The National Prisoner of War Museum is dedicated to the men and women of this
country who suffered captivity so that others may remain free. Their story is one of
sacrifice and courage; their legacy, the gift of liberty.
The museum was
officially opened and dedicated on April 9, 1999. The concept of a museum to honor all
prisoners of war in American History goes back to the legislation passed by Congress in
1970 that made Andersonville a unit of the National Park Service. The law that
created the National Historic Site specified that the park is preserved to tell the
Andersonville story, the story of all Civil War POW camps (north and south) and the story
of all POWs in American History. In the 1980's the park staff developed a
partnership with the American Ex-Prisoners of War that led to a small temporary POW museum
on the park grounds.
A visit to the National P.O.W. Museum can be an
emotional experience. The architecture of the building, works of art, displays, and
video presentations all work together to tell the story of the prisoner of war experience.
The museum is not divided by wars. Exhibits
include prisoners of war from all wars together in one setting. Prisoners of war
have faced the same hardships since the American Revolution. The story being told is
not that of a single war, but that of all prisoners of war.
Half of the funds to establish the museum
came from donations. The majority of these funds came from the sale of the Prisoner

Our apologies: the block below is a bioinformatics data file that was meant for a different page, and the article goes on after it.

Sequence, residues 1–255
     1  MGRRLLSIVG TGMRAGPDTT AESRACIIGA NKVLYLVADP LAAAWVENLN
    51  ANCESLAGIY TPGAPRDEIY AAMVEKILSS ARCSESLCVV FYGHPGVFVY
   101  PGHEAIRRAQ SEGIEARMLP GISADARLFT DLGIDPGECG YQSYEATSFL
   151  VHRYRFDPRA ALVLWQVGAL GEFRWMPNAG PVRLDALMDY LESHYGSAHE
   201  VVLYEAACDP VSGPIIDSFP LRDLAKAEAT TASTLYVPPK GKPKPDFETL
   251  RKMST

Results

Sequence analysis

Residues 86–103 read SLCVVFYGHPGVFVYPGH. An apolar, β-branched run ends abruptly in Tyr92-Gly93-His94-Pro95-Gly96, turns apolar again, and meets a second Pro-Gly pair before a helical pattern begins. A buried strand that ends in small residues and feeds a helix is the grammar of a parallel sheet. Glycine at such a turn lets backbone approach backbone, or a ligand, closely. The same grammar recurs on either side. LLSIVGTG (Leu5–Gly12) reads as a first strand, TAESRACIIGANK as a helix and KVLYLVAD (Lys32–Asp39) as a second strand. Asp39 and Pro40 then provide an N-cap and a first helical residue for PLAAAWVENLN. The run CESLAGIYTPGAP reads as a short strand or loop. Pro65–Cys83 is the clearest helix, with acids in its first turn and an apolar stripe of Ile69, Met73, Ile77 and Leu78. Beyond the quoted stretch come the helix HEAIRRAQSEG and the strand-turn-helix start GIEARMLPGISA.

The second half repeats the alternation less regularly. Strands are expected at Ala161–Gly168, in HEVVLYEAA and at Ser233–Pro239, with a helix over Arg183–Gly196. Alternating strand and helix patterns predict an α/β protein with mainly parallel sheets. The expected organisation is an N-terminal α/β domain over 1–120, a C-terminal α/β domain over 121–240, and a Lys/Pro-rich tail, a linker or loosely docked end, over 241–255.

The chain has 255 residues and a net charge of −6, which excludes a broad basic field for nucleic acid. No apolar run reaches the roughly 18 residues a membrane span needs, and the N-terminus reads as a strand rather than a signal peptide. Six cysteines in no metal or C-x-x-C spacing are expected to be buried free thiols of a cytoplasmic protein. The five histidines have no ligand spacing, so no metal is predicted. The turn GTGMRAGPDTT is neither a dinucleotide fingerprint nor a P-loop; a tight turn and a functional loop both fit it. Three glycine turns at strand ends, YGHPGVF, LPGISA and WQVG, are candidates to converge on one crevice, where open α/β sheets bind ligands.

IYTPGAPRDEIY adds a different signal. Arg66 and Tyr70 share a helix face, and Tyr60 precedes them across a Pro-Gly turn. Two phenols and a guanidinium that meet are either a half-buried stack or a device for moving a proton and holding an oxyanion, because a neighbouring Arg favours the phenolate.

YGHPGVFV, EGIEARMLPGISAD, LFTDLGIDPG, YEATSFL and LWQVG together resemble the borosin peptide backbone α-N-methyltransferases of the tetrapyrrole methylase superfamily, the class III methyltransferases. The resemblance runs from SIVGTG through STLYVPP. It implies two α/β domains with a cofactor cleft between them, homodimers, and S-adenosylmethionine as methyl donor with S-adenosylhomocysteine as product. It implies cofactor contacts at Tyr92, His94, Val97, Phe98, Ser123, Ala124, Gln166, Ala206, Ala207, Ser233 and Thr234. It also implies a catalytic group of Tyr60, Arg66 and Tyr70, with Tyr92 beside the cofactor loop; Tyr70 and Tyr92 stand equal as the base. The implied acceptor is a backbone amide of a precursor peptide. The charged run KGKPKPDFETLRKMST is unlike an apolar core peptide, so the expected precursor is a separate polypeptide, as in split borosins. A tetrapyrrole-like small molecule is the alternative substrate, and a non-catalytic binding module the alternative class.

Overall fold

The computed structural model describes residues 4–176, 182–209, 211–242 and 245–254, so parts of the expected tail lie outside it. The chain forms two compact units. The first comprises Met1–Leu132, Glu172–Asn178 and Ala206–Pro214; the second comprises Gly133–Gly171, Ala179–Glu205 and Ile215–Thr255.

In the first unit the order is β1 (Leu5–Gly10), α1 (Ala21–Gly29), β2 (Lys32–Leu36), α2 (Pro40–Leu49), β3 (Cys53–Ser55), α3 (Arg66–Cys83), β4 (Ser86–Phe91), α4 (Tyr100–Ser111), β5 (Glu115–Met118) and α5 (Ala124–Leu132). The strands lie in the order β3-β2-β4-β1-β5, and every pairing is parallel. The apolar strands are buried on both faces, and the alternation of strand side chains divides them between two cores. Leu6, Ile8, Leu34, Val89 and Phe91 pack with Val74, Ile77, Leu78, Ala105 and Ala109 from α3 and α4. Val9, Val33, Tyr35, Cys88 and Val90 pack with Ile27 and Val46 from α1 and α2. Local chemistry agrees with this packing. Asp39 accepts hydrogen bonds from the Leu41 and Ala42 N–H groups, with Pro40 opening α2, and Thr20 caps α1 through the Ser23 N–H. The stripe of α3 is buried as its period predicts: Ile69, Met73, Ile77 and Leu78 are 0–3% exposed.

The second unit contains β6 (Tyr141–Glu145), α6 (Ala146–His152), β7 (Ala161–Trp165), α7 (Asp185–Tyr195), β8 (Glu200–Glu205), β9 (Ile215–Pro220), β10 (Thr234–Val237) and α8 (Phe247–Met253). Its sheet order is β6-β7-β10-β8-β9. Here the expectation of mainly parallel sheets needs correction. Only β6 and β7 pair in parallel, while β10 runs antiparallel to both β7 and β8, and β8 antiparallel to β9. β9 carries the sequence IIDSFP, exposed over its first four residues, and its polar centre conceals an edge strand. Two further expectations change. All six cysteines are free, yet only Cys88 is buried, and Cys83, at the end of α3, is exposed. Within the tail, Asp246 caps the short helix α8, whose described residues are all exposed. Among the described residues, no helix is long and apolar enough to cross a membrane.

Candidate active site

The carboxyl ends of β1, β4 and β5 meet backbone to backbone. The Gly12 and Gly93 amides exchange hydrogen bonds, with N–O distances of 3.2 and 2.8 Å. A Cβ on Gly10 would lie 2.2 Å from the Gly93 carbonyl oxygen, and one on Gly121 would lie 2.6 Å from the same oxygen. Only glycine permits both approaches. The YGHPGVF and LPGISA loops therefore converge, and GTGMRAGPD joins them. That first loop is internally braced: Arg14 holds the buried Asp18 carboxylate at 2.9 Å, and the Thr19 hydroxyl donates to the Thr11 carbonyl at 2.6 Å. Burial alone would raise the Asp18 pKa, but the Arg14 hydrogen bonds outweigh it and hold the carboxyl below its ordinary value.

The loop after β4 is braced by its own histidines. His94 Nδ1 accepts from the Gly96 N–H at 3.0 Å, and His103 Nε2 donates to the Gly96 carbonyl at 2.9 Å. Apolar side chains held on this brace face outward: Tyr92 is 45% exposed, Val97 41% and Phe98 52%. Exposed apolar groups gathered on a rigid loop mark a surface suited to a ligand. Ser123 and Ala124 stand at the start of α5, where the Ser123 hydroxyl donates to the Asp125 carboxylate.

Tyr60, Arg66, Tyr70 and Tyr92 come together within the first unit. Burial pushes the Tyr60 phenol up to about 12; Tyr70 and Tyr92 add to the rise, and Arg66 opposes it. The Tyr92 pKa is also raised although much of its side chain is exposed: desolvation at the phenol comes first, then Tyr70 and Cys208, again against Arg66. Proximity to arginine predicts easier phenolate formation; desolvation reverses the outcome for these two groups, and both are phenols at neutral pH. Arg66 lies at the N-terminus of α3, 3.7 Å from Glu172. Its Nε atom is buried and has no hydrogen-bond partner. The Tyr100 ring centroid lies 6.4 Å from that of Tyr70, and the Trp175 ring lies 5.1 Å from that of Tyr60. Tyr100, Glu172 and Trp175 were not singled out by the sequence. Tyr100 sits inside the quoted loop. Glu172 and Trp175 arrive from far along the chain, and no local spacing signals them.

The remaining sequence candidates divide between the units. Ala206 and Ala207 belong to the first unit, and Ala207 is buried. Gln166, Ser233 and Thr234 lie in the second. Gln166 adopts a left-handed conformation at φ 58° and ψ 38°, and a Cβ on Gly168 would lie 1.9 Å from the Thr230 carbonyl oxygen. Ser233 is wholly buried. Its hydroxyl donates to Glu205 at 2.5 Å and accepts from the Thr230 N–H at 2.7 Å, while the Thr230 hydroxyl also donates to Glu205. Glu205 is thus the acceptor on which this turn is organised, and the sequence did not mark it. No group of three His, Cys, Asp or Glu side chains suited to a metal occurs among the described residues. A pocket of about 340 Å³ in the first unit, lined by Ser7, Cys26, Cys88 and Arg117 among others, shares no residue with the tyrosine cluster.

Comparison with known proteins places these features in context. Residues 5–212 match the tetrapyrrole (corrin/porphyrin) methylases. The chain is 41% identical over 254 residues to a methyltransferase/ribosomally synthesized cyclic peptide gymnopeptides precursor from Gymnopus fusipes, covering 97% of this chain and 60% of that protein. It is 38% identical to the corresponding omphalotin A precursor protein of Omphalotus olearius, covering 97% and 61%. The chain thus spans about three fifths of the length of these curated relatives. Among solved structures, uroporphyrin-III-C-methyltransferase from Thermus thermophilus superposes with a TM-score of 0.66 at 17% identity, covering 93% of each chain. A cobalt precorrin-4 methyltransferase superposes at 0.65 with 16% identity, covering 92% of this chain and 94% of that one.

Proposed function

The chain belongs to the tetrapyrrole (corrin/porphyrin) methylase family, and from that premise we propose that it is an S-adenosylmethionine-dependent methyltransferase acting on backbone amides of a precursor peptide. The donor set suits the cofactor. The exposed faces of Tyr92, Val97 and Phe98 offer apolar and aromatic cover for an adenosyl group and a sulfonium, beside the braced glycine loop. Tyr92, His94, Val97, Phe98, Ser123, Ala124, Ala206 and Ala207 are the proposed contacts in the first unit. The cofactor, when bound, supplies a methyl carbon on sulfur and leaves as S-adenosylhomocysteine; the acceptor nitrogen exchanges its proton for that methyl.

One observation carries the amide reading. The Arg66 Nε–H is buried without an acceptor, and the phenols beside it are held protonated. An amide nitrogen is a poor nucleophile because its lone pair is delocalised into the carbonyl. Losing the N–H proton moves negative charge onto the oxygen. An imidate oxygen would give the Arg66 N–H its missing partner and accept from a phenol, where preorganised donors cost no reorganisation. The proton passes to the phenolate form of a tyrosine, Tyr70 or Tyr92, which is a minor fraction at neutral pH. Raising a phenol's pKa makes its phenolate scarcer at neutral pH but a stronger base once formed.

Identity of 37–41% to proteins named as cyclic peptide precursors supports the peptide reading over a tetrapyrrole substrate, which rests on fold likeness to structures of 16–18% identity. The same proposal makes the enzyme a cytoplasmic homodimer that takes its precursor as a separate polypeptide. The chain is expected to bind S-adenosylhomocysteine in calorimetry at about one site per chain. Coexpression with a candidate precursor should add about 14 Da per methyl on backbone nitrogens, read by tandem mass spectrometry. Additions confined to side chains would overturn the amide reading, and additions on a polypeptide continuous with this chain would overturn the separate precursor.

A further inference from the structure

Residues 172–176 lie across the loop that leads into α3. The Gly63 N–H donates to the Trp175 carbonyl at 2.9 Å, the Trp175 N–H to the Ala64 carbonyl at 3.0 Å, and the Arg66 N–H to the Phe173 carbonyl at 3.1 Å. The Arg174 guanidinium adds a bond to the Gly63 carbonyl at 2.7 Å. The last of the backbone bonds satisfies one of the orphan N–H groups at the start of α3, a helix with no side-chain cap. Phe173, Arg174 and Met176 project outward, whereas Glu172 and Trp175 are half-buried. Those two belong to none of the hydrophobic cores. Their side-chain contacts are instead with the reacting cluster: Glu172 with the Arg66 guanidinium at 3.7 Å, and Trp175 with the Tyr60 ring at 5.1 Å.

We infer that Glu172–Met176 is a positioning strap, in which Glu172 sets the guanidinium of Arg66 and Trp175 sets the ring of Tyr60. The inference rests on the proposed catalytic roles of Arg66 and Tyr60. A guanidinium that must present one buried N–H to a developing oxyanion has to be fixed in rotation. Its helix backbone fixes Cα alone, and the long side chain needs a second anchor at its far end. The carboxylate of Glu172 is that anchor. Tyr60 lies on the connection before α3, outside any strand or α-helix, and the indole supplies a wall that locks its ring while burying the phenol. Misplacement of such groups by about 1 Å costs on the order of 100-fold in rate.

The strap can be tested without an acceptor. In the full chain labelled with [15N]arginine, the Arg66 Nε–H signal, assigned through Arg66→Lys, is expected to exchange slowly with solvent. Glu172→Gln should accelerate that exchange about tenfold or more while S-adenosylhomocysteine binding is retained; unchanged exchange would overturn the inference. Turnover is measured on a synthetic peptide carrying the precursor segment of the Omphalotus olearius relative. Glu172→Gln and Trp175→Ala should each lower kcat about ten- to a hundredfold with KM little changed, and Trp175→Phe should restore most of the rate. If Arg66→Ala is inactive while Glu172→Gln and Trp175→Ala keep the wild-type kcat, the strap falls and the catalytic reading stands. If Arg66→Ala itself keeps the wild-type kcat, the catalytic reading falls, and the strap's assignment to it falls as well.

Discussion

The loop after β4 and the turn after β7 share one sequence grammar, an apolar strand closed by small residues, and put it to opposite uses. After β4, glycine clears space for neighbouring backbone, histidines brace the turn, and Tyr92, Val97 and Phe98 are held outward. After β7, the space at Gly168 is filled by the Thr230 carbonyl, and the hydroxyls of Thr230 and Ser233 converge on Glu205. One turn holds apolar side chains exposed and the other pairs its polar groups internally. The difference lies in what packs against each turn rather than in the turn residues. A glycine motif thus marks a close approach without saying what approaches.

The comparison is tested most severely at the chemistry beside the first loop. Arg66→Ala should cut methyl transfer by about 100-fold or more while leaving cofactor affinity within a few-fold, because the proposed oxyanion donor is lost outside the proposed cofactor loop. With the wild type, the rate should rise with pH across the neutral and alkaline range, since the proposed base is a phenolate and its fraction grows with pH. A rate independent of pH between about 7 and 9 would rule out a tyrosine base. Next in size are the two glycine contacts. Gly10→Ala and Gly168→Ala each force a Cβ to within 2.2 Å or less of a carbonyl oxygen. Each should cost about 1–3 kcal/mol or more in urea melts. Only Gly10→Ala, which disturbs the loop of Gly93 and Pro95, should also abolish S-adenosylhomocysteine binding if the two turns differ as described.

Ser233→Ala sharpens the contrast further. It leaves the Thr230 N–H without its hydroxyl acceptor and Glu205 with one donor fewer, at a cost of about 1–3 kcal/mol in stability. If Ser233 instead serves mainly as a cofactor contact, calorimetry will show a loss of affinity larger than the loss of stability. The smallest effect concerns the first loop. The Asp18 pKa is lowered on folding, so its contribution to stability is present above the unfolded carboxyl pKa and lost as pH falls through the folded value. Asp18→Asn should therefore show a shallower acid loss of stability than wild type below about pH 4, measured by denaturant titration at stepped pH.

of War Commemorative Coin.
Each room in the museum tells a different part of the the prisoner of war
museum. Your visit should begin with a short film entitled, "Echoes of
Captivity" which is narrated by General Colin Powell. Then you will begin your
tour of the various areas of the museum:
- What is a P.O.W.?
- Journey to Camp
- Living Conditions
- News and Communication
- Those Who Wait
- Morale and Relationships
Directions from I-75 to the National P.O.W. Museum
Take exit 142 and turn west on GA 224. Follow GA 224
approximately 20 miles to Montezuma. There will be a stop sign where GA 224 ends at
GA 26. Turn right and follow GA 26 through Montezuma and Oglethorpe. There
will be a stop sign at the intersection of GA 26 and GA 49. Turn left on GA 49.
The Andersonville National Historic Site will be approximately 10 miles. The
entrance will be on the left side of the highway.
Andersonville Trail signs have been placed
throughout the area to help guide you to the site.